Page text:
Avagraha, Avagrāha: 9 definitions
Avagraha means something in Hinduism, Sanskrit, Jainism, Prakrit, Marathi. If you want to know the exact meaning, history, etymology or English translation of this term then check out the descriptions on this page. Add your comment or reference to a book if you want to contribute to this summary article.
Vyakarana (Sanskrit grammar)Source: Wikisource: A dictionary of Sanskrit grammar
1) Avagraha (अवग्रह).—Separation of a compound word into its component elements as shown in the Pada-Pāṭha of the Vedic Saṃhitās. In the Padapāṭha, individual words are shown separately if they are combined by Saṃdhi rules or by the formation of a compound in the Saṃhitāpāṭha; e.g. पुरोहितम् (purohitam) in the Saṃhitāpāṭha is read as पुरः (puraḥ)sहितम् (hitam). In writing, there is observed the practice of placing the sign (ऽ) between the two parts, about which nothing can be said as to when and how it originated. The Atharva-Prātiśākhya defines अवग्रह (avagraha) as the separation of two padas joined in Saṃhitā. (A. Pr. II.3.25; II.4.5). In the recital of the pada-pāṭha, when the word-elements are uttered separately, there is a momentary pause measuring one matra or the time required for the utterance of a short vowel. (See for details Vāj. Prāt. Adhāya 5).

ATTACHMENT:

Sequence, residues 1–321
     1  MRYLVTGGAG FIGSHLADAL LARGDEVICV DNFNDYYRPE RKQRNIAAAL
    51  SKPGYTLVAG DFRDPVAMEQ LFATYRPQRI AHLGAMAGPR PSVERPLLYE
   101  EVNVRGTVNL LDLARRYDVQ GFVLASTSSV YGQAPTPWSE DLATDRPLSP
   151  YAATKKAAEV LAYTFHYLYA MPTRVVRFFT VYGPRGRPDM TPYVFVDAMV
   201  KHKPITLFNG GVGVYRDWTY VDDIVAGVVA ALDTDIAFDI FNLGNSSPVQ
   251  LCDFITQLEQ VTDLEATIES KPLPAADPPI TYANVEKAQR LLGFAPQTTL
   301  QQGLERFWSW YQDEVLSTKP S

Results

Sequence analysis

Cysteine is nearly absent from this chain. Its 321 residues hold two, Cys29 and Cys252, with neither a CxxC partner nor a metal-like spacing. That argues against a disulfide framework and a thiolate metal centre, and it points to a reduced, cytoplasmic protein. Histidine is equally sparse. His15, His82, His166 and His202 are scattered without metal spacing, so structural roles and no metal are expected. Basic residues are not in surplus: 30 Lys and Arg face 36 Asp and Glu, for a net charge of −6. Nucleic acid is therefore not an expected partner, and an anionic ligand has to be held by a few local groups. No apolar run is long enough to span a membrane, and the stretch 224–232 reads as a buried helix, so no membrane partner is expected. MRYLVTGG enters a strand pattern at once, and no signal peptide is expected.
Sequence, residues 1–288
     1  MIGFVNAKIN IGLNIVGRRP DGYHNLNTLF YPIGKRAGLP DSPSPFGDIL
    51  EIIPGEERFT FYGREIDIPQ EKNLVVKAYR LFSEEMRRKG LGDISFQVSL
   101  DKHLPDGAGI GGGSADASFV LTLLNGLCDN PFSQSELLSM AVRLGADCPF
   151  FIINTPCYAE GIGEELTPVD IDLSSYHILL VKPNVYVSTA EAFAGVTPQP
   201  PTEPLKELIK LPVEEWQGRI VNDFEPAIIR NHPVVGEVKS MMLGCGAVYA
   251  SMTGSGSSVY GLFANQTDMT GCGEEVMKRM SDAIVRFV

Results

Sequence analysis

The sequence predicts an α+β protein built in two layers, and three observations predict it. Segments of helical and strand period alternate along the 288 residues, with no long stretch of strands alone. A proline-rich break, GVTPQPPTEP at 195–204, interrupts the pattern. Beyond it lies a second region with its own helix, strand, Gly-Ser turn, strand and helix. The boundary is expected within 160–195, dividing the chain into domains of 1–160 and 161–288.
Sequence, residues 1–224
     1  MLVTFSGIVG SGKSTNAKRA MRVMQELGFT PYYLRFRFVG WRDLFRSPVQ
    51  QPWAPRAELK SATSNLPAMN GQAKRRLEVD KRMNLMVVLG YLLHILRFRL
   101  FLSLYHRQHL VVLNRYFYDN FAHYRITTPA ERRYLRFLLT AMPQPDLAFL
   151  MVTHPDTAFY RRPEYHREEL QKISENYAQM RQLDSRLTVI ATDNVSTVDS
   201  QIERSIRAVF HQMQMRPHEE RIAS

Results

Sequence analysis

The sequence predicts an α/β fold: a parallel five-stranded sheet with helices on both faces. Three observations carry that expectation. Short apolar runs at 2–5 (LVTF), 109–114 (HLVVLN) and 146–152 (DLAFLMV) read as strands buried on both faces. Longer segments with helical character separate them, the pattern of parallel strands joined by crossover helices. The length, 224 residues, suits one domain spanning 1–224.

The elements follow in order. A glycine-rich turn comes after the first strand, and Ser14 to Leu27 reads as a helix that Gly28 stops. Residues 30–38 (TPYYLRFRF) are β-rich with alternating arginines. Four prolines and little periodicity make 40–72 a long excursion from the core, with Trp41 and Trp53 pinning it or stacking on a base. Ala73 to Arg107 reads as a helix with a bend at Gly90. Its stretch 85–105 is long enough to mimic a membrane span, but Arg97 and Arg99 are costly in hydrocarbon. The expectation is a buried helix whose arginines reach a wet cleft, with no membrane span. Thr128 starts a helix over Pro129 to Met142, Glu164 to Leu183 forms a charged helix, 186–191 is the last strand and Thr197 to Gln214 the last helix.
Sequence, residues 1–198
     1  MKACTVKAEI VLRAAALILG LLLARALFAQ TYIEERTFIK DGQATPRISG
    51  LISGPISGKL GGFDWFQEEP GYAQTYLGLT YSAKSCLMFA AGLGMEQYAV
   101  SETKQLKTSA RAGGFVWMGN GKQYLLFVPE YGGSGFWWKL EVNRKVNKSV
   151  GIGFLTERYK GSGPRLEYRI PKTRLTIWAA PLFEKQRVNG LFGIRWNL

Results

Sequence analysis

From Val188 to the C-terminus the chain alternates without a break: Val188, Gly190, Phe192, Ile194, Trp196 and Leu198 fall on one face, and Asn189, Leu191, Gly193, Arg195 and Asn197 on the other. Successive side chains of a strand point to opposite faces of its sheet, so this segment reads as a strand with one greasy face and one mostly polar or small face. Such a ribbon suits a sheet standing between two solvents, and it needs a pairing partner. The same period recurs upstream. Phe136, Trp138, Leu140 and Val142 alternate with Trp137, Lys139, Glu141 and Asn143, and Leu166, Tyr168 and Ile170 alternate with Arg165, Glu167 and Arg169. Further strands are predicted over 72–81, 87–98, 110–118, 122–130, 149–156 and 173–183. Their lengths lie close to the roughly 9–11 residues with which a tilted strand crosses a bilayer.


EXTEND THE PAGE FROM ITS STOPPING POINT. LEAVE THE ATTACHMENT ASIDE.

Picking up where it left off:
2) Avagraha.—The word अवग्रह (avagraha) is also used in the sense of the first out of the two words or members that are compounded together. See Kāśikā on P.VIII.4.26; cf. also तस्य (tasya) (इङ्ग्यस्य (iṅgyasya)) पूर्वपदमवग्रहः यथा देवायत इति देव-यत (pūrvapadamavagrahaḥ yathā devāyata iti deva-yata). Tai. Pr. I. 49. The term अवग्रह (avagraha) is explained in the Mahābhāṣya as 'separation, or splitting up of a compound word into its constitutent parts; cf. छन्दस्यानङोवग्रहो दृश्येत पितामह इति । (chandasyānaṅovagraho dṛśyeta pitāmaha iti |) (M. Bh. on IV.2.36); also cf. यद्येवमवग्रहः प्राप्नोति । न लक्षणेन पदकारा अनुवर्त्याः। पदकारैर्नाम लक्षणमनुवर्त्यम् । यथालक्षणं पदं कर्तव्यम् (yadyevamavagrahaḥ prāpnoti | na lakṣaṇena padakārā anuvartyāḥ| padakārairnāma lakṣaṇamanuvartyam | yathālakṣaṇaṃ padaṃ kartavyam) (M. Bh. on III.1.109) where the Bhāṣyakāra has definitely stated that the writers of the Padapāṭha have to split up a word according to the rules of Grammar.